This is for Susan. We're going to continue the animal theme for one more post. I'm telling an old story because my Thanksgiving was uneventful, though filled with good food and relaxation. The last time I told this story was in the hotel bar at World Fantasy in Chicago just a few years ago. I told it to Rob Killheffer and Jenna Felice after Rob regaled me with his awesome killer moth story. God, it seems like such a long time ago, and I miss Jenna terribly.
Attack of the Squirrels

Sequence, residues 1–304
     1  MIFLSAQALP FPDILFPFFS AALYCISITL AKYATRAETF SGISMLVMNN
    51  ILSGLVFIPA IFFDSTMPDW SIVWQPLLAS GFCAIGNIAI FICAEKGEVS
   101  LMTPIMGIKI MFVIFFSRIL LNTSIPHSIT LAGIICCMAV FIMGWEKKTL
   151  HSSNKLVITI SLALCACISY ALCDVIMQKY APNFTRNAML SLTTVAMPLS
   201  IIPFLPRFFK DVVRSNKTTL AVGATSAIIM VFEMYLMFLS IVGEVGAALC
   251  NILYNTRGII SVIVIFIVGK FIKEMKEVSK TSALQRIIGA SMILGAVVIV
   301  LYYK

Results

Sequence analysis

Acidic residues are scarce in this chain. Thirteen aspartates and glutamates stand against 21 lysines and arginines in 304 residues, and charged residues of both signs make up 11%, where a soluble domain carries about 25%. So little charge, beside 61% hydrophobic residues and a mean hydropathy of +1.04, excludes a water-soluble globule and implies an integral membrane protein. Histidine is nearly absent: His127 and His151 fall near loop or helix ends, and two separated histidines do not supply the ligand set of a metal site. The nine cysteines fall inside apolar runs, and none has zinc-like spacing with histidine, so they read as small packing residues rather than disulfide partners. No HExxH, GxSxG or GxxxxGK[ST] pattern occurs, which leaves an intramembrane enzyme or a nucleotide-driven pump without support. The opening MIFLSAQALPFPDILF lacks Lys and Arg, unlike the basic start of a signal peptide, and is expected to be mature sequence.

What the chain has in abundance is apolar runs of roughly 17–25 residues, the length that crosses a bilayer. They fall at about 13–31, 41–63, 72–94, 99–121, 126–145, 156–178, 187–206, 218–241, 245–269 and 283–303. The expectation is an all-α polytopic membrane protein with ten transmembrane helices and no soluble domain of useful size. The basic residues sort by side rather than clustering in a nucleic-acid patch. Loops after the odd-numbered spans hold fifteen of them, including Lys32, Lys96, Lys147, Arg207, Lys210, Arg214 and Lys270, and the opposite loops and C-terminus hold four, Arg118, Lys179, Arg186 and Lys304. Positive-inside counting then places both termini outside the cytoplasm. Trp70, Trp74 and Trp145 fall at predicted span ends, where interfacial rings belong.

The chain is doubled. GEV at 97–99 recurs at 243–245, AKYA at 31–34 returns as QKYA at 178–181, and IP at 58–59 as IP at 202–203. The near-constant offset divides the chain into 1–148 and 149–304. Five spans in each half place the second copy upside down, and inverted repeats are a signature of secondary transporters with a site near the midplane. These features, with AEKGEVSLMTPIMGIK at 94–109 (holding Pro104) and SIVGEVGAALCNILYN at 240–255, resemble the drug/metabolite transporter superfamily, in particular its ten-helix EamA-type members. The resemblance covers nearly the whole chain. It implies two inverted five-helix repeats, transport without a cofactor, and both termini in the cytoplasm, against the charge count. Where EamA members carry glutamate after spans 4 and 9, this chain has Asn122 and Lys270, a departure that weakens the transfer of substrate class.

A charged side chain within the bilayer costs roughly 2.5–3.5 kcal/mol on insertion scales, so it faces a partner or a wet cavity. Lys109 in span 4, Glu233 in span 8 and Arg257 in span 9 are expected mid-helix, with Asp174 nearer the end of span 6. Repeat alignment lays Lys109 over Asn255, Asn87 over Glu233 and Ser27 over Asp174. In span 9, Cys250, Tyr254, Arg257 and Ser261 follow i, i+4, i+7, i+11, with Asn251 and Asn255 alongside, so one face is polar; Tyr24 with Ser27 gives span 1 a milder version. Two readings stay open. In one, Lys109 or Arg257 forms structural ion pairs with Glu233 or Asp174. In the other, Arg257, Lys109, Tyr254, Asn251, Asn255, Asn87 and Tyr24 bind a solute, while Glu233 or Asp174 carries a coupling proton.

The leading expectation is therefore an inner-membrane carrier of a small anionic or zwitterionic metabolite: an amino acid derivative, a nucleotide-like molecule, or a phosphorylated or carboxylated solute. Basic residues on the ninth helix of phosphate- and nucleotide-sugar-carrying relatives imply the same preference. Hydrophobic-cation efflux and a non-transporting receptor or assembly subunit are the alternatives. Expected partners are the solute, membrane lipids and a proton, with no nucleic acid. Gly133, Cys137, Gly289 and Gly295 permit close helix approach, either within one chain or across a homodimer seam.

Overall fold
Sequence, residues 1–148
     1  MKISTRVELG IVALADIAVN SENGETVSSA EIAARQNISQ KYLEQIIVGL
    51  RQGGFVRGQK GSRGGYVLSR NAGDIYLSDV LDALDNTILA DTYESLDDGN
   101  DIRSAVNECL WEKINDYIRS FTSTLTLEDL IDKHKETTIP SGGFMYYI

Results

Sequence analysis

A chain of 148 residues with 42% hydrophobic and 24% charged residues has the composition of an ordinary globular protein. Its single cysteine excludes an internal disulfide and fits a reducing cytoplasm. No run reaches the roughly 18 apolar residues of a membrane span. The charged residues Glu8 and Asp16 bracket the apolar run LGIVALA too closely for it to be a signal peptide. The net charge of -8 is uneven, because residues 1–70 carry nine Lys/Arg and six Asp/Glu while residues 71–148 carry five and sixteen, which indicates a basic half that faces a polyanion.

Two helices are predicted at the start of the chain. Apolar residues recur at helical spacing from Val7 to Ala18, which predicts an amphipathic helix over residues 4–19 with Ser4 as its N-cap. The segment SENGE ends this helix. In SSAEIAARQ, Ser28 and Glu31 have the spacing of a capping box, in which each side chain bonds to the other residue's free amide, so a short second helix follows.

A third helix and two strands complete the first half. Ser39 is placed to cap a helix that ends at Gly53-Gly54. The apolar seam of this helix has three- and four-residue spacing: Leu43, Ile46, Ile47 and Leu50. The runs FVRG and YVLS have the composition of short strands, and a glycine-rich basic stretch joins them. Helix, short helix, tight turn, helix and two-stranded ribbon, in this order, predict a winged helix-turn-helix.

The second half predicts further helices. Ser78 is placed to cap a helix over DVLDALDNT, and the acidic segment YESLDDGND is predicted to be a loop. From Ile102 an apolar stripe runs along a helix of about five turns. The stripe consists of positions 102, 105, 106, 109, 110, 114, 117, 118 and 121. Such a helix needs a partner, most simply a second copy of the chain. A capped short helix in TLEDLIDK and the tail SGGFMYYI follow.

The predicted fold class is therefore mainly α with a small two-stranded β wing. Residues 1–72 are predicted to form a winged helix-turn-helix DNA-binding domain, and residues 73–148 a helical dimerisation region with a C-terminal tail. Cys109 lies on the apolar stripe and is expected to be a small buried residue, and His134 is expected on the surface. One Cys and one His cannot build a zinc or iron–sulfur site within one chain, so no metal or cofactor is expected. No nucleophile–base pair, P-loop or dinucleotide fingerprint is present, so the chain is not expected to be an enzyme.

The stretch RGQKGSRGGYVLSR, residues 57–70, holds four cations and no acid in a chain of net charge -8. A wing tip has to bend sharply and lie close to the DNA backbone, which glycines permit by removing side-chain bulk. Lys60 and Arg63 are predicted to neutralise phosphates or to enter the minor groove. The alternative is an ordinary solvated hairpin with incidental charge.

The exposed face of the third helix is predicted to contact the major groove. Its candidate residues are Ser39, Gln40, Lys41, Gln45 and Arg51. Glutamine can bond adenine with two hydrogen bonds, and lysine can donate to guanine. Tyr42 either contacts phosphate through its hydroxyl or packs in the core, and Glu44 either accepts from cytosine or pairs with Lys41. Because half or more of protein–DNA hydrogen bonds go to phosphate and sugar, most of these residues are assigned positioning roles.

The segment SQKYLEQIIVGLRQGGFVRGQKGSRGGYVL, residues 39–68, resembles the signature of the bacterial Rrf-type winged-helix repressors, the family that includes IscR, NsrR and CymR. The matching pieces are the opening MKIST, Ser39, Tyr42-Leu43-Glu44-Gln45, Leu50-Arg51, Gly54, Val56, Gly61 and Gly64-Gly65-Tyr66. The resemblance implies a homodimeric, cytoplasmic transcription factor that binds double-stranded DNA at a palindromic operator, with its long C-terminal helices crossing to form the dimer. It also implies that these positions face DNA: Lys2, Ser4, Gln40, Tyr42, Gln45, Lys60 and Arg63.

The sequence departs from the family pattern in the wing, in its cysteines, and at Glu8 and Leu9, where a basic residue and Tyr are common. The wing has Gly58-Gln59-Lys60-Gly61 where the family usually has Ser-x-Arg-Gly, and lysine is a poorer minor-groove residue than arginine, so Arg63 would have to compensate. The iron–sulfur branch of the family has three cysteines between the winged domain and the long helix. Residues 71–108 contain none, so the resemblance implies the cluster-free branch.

Squirrels appear to be harmless, adaptable animals making their way amongst us humans. They have cute faces and bushy tails. They always seem to be playing. This behavior hides a more sinister nature. In my neck of the woods, there are two types of squirrels. I learned this after we had an infestation of them in our attic and walls in suburban St. Louis Park. I was on the phone with a man from a wildlife management company and he asked me what type we had. There were smaller brown squirrels (actually red squirrels) and the larger grey squirrels. The grey squirrels were the type you'd see in your yard, often looking battle torn and missing part of a tail from a run-in with a cat. If you had squirrels in your attic, the grey ones were the ones you wanted because they were loners, usually nesting only with their nuclear family. If you had the brown ones, you were in trouble because they were gregarious and you could have hundreds of them. My mind went back over the past few months. Our squirrels were bold, nasty little critters. They'd cluck away at the dog the whole time he was in the yard, even though he considered anything smaller than a large rabbit beneath his notice. They'd come down in the tree by our sidewalk and hang there at head level, scolding me as I went out to get the mail. When I planted sunflowers, I came home to find them all toppled over, broken halfway up the stems, the flowers gone. A neighbor saw them team up to accomplish that. They dug up the three hundred crocus, tulip and daffodil bulbs I spent two weekends planting. We had the brown squirrels, of course, and he gave me a quote of something around $1,000 to get rid of them. If they were only in the attic, I don't think we'd really care, but they'd started to move through the walls on the second floor and you'd hear them digging to get out into the house. Pounding on the wall only made them dig harder. Being cheap, I ended up buying a live trap and baiting it with peanut butter. I caught the first one in minutes. My neighbor recommended dunking the trap in the nearby pond and drowning the varmit, but I didn't want the death on my hands. I'd read that they would come back if you moved them less than 15 miles away even across water, so I drove a good half hour out to a huge natural area and let them go one at a time. We were lucky and didn't have a huge tribe of them. I repeated the process five different times, catching each new squirrel within a few minutes of re-setting the trap. Each time, I had to deal with the jailbird squirrel staring at me in desperation with his paws around the bars and face in a gap during the whole drive. We got the holes in the eaves fixed and life settled back to normal. I felt good about it until I found out from my friends at my volunteer job at an animal shelter that squirrels were territorial and would fight to the death with any intruders. My five were dead or they'd killed off the others. All of this brought up some memories. This was not my first encounter with the darker side of squirrels.